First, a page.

This wouldn’t have happened very often in Elizabethan times as the richer families often married for wealth not love and here Capulet is asking, not telling, Juliet to marry this wealthy man. He doesn’t treat her as a piece of furniture and wants her to be happy with the person she marries, ‘She is the hopeful lady of my earth’ Capulet has lost his previous children and only wants the best for his only daughter.

Then, in Act Three, Scene Four, Capulet arranges Juliet’s and Paris’ wedding saying ‘she shall be married to this noble earl’. Capulet arranges this marriage without his daughters consent because he believes it will help to bring his daughter out of her depressive state, which he thinks is caused by the death of her cousin Tybalt but in reality it’s because of Romeo being exiled from Verona. The sentence Capulet says shows how kind he is to his daughter; Capulet could have chosen the wealthiest man he could get his hands on, however he chooses a ‘noble’ suitor for his daughter to marry. This once again shows that Capulet doesn’t want to use his daughter for money and actually wants his daughter to be happy with the one she marries.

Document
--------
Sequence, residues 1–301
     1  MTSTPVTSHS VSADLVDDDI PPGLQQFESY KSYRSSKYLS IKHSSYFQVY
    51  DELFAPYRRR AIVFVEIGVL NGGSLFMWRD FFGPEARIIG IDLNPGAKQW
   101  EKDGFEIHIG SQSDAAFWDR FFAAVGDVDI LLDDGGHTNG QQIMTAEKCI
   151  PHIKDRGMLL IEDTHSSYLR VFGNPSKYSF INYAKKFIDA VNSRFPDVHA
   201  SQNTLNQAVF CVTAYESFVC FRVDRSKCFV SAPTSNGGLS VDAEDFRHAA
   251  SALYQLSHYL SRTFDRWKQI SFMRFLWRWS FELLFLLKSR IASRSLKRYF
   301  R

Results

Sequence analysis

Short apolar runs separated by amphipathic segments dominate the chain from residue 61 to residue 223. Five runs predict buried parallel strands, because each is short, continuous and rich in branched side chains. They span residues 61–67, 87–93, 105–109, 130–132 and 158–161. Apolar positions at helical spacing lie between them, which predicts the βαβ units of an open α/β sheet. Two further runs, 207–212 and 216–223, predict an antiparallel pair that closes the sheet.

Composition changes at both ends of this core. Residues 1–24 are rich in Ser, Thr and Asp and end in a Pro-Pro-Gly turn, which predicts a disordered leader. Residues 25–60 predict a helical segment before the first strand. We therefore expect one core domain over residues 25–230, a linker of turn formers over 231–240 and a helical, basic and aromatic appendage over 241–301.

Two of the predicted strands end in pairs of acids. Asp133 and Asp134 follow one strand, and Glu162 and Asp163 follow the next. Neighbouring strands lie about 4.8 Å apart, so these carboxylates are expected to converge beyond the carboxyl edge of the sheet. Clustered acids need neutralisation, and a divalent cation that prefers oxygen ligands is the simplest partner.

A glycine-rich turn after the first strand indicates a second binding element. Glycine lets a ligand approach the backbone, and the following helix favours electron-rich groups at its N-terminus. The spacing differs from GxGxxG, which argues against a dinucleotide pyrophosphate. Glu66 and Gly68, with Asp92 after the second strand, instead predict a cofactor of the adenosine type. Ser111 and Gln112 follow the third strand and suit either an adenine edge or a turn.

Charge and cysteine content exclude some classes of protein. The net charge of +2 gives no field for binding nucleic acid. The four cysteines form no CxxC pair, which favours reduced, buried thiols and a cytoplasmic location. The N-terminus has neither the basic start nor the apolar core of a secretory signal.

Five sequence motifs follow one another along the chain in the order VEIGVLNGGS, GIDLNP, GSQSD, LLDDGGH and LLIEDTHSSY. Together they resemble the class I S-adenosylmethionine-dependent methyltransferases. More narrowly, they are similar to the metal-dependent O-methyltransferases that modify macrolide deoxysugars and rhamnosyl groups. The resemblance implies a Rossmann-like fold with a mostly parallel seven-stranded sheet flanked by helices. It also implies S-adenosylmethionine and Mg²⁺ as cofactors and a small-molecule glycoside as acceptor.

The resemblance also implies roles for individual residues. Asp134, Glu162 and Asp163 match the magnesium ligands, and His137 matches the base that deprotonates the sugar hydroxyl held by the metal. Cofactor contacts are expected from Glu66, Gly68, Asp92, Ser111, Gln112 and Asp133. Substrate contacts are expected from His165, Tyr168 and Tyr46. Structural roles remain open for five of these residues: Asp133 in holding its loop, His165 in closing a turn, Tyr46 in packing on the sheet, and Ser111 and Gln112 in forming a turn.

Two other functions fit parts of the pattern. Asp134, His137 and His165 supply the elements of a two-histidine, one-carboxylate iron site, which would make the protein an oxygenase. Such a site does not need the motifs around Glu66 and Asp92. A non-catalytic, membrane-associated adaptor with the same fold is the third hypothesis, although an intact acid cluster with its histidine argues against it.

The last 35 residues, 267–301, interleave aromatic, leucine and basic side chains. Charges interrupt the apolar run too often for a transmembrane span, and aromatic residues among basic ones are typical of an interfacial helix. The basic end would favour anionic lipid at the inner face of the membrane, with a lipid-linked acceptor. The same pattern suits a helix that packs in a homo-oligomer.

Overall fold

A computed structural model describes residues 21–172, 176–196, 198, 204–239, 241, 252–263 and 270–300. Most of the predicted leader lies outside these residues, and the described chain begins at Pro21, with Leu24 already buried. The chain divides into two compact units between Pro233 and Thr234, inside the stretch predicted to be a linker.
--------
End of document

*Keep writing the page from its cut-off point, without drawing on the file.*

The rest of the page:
So far Capulet has been presented as the figure head of the perfect father, given the Elizabethan era, however there is a moment when his attitude towards his daughter changes. In Act Three, Scene Five Capulet has just been informed by his wife that Juliet has refused to marry Paris. Capulet then responds with ‘Is she not proud? Doth she not count her blest?’ Capulet then goes on to tell her that he will throw her out and never look upon her again. Now, Capulet’s exclamation could be seen by many to be harsh and unfair, however, given the era the play was written children did as their parents instructed and never had anything else to say on the matter.